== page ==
History of St Catherine’s Chapel, Abbotsbury
St Catherine’s Chapel was built by the monks of nearby Abbotsbury Abbey as a pilgrimage chapel. Virtually unaltered since, it is one of a handful of chapels of this kind which are located outside the precincts of the monasteries that built them. Its isolated setting allowed the monks to withdraw from the monastery during Lent for private prayer and meditation.
The dedication of the chapel to St Catherine of Alexandria is rare, but her cult was one of the most popular in medieval England.
As the chapel overlooks the sea, it is likely to have been used as a beacon or sea-mark after the Dissolution, which may have ensured its preservation. In later times a navigation light was kept burning at the top of its stair turret.
The Legend of St Catherine
The fireworks known as Catherine wheels commemorate her torture in the 3rd century AD, when the Roman Emperor Maximus I ordered her to be broken on a wheel set with sword points for protesting about the persecution of Christians.
An angel is said to have broken the wheel, and after her subsequent execution Catherine’s body was said to have been conveyed to the heights of Mount Sinai by angels. She became the patron saint of virgins, particularly those in search of husbands, and it was the custom until the late 19th century for the young women of Abbotsbury to go to the chapel and invoke her aid. They would put a knee in one of the wishing holes in the south doorway, their hands in the other two holes, and make a wish.
Although no records survive of its building, the chapel can be dated in style to the late 14th century. It is a sturdy rectangular structure, built entirely of the local golden buff limestone. The walls are high and heavily buttressed to take the stone vaulted roof; rainwater drains off the roof through holes in the parapet wall between the buttresses.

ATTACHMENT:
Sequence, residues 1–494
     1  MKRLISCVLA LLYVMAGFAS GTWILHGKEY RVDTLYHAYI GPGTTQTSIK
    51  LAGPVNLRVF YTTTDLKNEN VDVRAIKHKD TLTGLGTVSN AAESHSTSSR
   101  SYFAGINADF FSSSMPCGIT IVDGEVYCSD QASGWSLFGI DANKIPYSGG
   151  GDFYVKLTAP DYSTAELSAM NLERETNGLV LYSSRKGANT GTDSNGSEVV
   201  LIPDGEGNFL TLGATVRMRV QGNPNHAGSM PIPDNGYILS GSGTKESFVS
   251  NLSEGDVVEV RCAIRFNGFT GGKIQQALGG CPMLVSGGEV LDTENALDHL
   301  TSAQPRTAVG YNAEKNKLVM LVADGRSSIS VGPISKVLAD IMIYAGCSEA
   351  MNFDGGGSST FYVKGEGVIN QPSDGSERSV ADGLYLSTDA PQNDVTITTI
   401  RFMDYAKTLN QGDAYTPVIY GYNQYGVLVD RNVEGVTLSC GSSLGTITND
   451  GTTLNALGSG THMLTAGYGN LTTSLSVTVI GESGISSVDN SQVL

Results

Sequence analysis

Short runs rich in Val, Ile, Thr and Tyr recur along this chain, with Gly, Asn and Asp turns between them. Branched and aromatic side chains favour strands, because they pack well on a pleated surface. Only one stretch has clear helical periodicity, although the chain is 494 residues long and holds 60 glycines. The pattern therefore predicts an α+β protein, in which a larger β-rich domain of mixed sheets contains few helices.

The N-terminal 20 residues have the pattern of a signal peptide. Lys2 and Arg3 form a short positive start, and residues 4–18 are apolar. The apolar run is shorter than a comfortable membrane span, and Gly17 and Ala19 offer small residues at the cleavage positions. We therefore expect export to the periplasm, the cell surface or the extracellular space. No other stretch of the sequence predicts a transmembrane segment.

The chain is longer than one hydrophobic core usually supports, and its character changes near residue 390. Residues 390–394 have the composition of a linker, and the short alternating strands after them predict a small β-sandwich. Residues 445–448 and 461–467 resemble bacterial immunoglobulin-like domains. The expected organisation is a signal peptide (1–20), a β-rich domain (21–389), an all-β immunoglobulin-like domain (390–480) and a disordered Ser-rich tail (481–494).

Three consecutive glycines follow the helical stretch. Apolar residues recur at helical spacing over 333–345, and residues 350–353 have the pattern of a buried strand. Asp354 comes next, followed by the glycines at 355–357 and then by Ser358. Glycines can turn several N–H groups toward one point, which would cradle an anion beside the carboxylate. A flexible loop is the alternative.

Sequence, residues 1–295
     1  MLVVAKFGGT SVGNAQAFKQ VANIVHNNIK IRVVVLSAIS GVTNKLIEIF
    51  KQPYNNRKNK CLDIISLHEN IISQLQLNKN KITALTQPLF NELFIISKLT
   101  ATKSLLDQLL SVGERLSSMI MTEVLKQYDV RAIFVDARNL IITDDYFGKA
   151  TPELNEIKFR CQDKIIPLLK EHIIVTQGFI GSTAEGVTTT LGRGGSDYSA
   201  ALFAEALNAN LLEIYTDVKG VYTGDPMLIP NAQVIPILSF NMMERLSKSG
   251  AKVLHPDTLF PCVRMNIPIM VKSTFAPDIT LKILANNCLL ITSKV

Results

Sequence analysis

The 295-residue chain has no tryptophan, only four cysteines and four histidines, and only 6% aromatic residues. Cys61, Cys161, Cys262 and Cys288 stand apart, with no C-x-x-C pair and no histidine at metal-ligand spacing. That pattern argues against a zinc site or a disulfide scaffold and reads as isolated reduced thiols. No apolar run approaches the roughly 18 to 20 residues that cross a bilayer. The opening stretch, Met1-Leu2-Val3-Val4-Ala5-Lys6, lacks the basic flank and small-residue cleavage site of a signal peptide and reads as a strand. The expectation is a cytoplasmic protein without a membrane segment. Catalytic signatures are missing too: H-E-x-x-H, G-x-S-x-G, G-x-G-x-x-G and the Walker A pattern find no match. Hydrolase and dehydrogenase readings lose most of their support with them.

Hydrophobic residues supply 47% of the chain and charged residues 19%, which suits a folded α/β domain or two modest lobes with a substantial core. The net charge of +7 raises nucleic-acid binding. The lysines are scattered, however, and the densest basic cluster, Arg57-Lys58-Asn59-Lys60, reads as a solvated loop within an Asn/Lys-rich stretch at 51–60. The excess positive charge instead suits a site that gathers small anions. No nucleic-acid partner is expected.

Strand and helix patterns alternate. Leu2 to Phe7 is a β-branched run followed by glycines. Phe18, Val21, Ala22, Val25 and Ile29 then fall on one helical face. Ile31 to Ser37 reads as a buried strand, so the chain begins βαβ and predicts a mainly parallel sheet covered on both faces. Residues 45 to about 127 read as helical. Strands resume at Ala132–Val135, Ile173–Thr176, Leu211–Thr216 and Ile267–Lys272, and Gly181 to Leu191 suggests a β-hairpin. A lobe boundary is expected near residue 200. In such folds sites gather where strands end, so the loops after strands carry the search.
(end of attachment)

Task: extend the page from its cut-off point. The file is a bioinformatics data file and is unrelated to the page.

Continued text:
At the north-east corner a stair turret, octagonal on the outside, rises above the roof and gives access to the parapet. It also contains a tiny oratory at roof level. Originally the buttresses and the stair turret were crowned with pinnacles. There are porches on both north and south walls.
The overall effect of the chapel is of a structure far larger than it actually is. The high walls and tall parapets are designed to impress, while the sense of grandeur is further enhanced by the chapel’s lofty position.
Inside, the effect in medieval times would have been just as rich, with stained glass in the windows, and details of the roof picked out in bright colours. At the intersections of the vaulting are bosses carved with foliage, figure subjects and animals. A large triple window lights the east wall, and there are smaller windows on the other walls.
The walk up to the chapel provides excellent views down over Abbotsbury village and the abbey site.
Coppack, G, Abbeys and Priories (London, 1990)
Keen, L and Taylor, C, St Catherine’s Chapel at Abbotsbury and the Legend of the Saint (Abbotsbury, 1999)